Pretty much any day is a good day to eat Pi(e) but 3.14 is National Pi Day and this year Pi Day is Friday! So how will you celebrate Pi Day with your students?
Pi Day Circle Up
 Beyond the Garden GATE Shari Bithell says, “I love Pi Day — it is one of the best days of the school year in my classroom! We have sPItacular fun with math all day long! My students PIify their names and create mascots for their teams (like the PIrates). We have Pi contests, Pi races, Pi games, Pi challenges, Pi riddles, a Pi scavenger hunt and Pi eating fun!”
 Mrs Bearfield’s Class says, “When I was in high school we had a Pi reciting contest. I came in 2nd with 101 decimal places. Oh and guess what the prize was? … A Pie!”
 Meredith Anderson also loves Pi! “My kids and I always make some kind of pie, and we usually make bracelets or necklaces, as well as eat many circle snacks throughout the day. Even when my youngest was not quite 3, he got in on the fun making a pi pasta necklace — math lovers of all ages can get in on the fun!”
 SamizdatMath concurs that all students can get in on the fun, “My school does a lot of activities, with older students working with younger students. Our PreK works with 6th graders to mix pancake batter and then we use a hot plate to make pancakes. They use different sized scoops to see how big a pancake each scoop of batter will make, then take banana slices and use them to measure and compare the diameter and circumference of the circle. The 1st and 5th grades get together and form a big kid/small kid circle; they then see how many kids it takes to get across the circle. They see that the number of kids around is about three times the number of kids across. We also do similar activities using pennies around and across a circle, as well as using ribbon.”
Who Hid the Pi?
 Some handy ways teachers help their students “find” pi: “I have my 6th graders ‘discover’ pi by having each student measure the circumference of a circular or cylindrical item and dividing it by the diameter of it. We keep track of the results and come up with a class average which is (hopefully) around 3.14. I play circle bingo with my 7th graders. The winners get chocolate pi symbols I make ahead of time in my pi ice cube tray a student gave me years ago.” Says Math in the Middle.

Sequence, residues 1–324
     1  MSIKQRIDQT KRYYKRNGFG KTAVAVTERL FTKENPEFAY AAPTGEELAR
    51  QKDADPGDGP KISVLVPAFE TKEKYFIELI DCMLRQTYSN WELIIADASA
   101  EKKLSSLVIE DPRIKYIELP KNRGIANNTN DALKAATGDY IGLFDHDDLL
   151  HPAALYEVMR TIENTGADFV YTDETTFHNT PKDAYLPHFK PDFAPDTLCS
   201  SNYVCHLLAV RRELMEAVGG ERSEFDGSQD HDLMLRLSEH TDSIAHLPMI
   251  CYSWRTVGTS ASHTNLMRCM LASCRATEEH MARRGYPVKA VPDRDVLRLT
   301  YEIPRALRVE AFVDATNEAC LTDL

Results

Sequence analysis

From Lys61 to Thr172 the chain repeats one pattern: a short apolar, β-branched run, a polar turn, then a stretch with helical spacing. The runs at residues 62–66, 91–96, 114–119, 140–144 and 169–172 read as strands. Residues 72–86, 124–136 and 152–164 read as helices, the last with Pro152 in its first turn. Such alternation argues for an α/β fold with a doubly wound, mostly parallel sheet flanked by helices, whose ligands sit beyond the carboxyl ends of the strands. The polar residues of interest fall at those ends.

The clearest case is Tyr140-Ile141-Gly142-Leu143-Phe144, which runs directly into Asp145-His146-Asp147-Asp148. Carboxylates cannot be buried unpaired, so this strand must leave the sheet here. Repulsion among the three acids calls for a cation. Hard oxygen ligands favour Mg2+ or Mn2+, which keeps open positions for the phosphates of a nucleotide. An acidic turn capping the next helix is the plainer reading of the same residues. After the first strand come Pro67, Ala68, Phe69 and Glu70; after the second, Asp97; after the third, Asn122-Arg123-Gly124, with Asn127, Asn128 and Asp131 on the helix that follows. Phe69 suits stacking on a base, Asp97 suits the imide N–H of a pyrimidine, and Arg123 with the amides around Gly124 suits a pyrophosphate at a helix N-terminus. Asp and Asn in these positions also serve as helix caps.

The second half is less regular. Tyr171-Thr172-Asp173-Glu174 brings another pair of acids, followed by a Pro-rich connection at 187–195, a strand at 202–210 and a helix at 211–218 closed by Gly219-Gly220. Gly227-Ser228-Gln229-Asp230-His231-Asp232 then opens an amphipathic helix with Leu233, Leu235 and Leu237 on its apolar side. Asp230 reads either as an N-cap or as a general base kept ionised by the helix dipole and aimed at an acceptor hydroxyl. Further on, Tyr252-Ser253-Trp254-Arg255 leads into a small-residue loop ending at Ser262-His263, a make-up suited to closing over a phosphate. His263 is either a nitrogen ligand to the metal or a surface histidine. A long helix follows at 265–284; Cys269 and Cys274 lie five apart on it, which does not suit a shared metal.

4 the Love of Math suggests, “I usually have students bring in circled objects (food if they so choose — which they usually do!) and then we find the circumference of all of our circles. Then, we enjoy snacking on what was brought in afterwards. I usually have a few circles (like a hula hoop) of mine own available to measure too!”

Jill Powers says, “We do a webquest to learn more about pi and Albert Einstein (whose birthday is March 14th). Last year I added some questions about autism to the activity. This year I polished it up for TPT. I also have my students make pi bracelets using a different color or type of bead for each digit. Boys and girls love this activity. I have an optional Pi Day Memorization contest. This is optional, but each year I seem to have someone knock a person from the alltime top ten list. Anyone cracking the top ten list wins their favorite pie. I started the contest in 2003. #1 on the list for reciting pi memorized 407 digits.”
Don’t Pi for Me Argentina
 It’s nice to know Pi Day can span many subject areas. The Bulletin Board LadyTracy King teaches music and incorporates pi in this way, “As a music teacher I’ve recognized Pi Day in a couple of different ways. March is also Music In Our Schools Month so the more collaborative I can be, the better. What better way to celebrate music in our schools than to show how it works into any subject? One of the activities we’ve done is to measure circle shaped objects in the music room and practice using pi. Hand drums, cups, cymbals are all fun to use. Another very musical activity is to assign a pitch to each digit. Then ‘play pi.’ Write the number for pi on the board (as many digits as you can) or create a PowerPoint to show the numbers. Students play their xylophone, boomwhacker, recorder or whatever instrument they have on the pitch indicated for each number. It’s a fun way to hear what pi could sound like.”
 Or Getting Nerdy with Mel and Gerdy who teach science, “On Pi Day we do a fun bell ringer/sponge for our science classes using body measurements. We have students use twine (because string is too stretchy) to measure the circumference of their wrist, ankle, bicep, thigh, neck, head, and calf. They measure the length of the string for the circumference and then place the string in a circle on paper to roughly estimate the diameter of the circle. Lastly, they divide the circumference by the diameter and they should find that the number is (close to) 3.14! We love that this activity is quick and easy, but most importantly, it’s cross curricular and works in well with our human body unit.”
Peruse More Great Pi Resources
And find so many more phenomenal pi activities on TpT!
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Pi humor clip art at the top thanks to:
Cute Butterfly Clip Art by Alana Naylor
Frog by Kari Bolt
“i” font by Kimberly Geswein Fonts